Free the music!
Southern Italian swirl,
boisterous Balkan brass
and a handsome goat
The river of sound overflows its banks when the floodgates of musical programming open every summer in Los Angeles. Even in one of the world’s sonic meccas, the occasional periods of drought during the rest of the year make one long for the sweet abundance of sounds that abounds from June through September. As happens every year around this time, the currents run so deep and swift that some evenings there can be three, four or more must-see free concerts taking place around the Southland. Makes one wish for a clone or two to take it all in.
Since emerging on the scene to join such stalwart free-music programs as Grand Performances at California Plaza, Skirball Cultural Center, and the Twilight Dance Series at the Santa Monica Pier, the Levitt Pavilions in Pasadena and MacArthur Park have become two of the leading summertime venues. Each bandshell features 50 shows per season, with wide-ranging lineups curated with keen ears. I’m partial to the Pasadena site, since it’s 10 minutes from home and parking’s not a hassle. If the two shows I’ve seen there so far this year are a harbinger of what’s to come—at the Levitt’s and elsewhere–then 2013 promises to be bellwether.
Southern Italian neo-folk dynamos Canzoniere Grecanico Salentino gave one of the freshest, most invigorating performances I’ve seen in recent years. The new-gen combo caught my eye when they graced the cover of fROOTS’ May 2013 issue, and the few tracks I could scrounge up on the Web suggested something distinctive. Specializing in the trancey pizzica tarantata roots music of the Salento region (think “heel” of the Italian “boot”), CGS deploys a trunkload of traditional instruments, from diatonic squeezebox and bouzouki to violin, ciaramella bagpipes, flutes, and several frame drums. Nearly all of the members sang and were handy with those drums, but bandleader/maestro Mauro Durante (whose father Rina started CGS in 1975), gruff n’ ready Giancarlo Paglialunga, and beguiling Maria Massotta especially brought the gusto. Every third or fourth song, Silvia Perrone joined the group on stage, providing a red-dressed swirl of light-footed folkloric dancing. GCS = a rare treat, a singular delight.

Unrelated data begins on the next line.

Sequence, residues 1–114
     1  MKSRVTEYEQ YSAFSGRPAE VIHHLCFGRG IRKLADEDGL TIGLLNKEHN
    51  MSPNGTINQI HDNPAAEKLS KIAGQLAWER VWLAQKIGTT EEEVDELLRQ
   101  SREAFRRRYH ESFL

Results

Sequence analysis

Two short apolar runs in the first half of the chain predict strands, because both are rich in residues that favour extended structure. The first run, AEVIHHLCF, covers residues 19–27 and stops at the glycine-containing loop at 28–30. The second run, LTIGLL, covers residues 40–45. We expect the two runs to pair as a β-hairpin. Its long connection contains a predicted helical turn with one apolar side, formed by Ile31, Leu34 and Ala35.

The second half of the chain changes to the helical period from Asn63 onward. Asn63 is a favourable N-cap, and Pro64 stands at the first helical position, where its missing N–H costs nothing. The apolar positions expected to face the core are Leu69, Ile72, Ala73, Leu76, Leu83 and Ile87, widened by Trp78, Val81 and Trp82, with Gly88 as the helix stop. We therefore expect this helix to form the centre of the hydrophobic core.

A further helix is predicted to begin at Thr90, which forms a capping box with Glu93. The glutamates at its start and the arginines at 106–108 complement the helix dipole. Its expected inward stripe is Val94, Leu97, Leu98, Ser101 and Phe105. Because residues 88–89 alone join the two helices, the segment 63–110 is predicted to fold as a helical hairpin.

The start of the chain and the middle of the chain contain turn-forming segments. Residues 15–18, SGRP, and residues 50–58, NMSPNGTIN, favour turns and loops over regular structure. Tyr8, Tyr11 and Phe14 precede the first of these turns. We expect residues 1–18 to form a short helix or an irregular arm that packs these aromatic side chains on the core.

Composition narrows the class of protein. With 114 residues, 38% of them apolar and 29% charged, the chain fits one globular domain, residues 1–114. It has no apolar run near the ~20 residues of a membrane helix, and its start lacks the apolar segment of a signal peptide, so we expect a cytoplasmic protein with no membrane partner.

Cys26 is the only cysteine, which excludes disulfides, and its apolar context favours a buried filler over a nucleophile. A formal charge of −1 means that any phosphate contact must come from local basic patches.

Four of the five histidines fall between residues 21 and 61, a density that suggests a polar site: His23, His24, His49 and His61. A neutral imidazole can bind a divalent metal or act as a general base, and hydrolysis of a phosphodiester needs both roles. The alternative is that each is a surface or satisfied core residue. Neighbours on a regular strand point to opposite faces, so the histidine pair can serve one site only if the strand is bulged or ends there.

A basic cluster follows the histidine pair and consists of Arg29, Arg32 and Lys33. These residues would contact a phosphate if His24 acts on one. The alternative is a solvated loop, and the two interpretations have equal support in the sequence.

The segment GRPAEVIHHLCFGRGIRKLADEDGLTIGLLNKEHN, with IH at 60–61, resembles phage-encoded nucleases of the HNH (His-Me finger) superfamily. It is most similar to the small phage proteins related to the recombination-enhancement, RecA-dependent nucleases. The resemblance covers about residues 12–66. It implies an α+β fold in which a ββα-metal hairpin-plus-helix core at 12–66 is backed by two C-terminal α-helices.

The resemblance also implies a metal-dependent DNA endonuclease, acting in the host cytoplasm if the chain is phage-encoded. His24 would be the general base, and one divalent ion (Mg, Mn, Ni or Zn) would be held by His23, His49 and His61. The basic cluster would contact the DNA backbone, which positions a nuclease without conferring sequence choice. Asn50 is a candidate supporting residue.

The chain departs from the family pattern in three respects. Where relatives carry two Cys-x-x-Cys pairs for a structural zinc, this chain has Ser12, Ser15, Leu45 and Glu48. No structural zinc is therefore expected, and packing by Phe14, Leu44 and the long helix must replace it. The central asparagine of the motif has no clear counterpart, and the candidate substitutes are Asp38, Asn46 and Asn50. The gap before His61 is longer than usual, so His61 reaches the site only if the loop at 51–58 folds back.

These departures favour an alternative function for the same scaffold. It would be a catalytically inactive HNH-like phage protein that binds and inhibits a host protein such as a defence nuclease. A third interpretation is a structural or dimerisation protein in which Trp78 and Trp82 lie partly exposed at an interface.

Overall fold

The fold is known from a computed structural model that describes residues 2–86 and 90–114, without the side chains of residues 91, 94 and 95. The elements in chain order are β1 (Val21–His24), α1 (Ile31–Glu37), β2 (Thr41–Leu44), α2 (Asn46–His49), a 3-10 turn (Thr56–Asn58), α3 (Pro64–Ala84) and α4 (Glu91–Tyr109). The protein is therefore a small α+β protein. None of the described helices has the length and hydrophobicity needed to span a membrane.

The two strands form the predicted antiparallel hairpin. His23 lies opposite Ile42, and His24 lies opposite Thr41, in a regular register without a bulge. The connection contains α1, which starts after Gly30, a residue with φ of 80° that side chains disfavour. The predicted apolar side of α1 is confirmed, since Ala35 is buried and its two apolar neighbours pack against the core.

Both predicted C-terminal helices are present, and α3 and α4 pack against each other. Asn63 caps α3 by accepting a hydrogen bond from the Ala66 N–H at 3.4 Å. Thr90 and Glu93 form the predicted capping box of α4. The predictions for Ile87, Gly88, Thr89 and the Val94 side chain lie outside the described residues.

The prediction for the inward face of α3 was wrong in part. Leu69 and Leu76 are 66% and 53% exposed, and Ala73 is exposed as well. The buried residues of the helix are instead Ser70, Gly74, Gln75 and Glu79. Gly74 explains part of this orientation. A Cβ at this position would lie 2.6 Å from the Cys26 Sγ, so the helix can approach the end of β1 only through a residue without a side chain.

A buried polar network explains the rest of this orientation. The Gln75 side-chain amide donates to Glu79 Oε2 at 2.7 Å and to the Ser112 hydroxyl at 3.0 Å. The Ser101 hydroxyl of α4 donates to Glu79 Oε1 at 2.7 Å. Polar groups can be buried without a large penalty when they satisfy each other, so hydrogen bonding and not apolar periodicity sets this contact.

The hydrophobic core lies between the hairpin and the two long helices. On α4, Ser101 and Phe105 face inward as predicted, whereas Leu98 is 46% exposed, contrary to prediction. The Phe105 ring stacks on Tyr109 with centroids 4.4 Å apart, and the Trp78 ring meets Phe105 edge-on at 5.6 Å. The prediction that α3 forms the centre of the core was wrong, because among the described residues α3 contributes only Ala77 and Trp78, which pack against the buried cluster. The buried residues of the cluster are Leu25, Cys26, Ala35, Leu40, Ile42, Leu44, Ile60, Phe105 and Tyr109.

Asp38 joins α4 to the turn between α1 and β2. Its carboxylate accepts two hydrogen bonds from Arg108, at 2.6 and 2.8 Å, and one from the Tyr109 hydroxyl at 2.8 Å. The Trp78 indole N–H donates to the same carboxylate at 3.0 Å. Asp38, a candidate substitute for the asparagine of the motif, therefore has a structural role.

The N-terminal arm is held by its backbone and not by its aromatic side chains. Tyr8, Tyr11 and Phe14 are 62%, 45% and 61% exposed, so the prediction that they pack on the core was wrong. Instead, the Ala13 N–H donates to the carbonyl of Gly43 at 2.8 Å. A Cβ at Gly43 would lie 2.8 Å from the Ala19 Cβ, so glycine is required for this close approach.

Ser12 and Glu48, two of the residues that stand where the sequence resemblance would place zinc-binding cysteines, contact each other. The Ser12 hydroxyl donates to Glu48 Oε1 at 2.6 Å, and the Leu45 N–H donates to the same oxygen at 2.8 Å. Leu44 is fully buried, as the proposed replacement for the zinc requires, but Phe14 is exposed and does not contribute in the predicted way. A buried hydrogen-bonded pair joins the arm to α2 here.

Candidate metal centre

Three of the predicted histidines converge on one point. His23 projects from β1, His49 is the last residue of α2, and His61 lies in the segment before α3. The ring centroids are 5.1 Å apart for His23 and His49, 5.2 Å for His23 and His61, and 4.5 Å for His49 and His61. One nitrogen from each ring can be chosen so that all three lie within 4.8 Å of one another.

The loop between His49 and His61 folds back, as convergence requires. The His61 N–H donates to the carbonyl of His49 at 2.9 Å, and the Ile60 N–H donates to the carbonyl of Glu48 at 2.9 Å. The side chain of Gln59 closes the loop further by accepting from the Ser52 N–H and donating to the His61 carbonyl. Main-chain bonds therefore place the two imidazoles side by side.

A more familiar face to LA’s African music aficionados and dabblers, Vieux Farka Toure brought his rock-Malian blues back to town. With the civil war and ongoing troubles in his homeland, the 21st-century globalist guitar-slinger’s shredding solos seemed to have even more edge than usual during the 90-minute-plus set. His poignant new album on Six Degrees, Mon Pays (My Country), finds him favoring a more acoustic sound, but at the Levitt, he never took off his electric axe, repeatedly tearing off jaw-droppingly fast, in-the-pocket clusters of Sahelian six-string goodness. The old-young man sings pretty well too, although he doesn’t yet have the sad-happy, world-weary pipes that his late father, Ali Farka Toure, put to such transcendent use. As a crowd-pleasing time, I doubt few shows will match VFT’s mid-July Pasadena gig.
When the days get warmer, the lineup of upcoming shows heats up as well. Likely to be another highlight of the season, Fanfare Ciocarlia will make its SoCal debut at Grand Performances on Friday, July 19. For the uninitiated, this irrepressible band of Romanians plays some of the most impossibly up-tempo yet sideways-funky brass charts on the planet. Their shows are legend in Europe, so much so that they performed for the Nobel Peace Prize concert in 2012; check out the YouTube below for FC’s two-song tour de force at the event. As if there won’t be enough brassy shenanigans that night, Chicago’s hard-swinging alt-marching band Mucca Pazza opens for the visitors from Eastern Europe.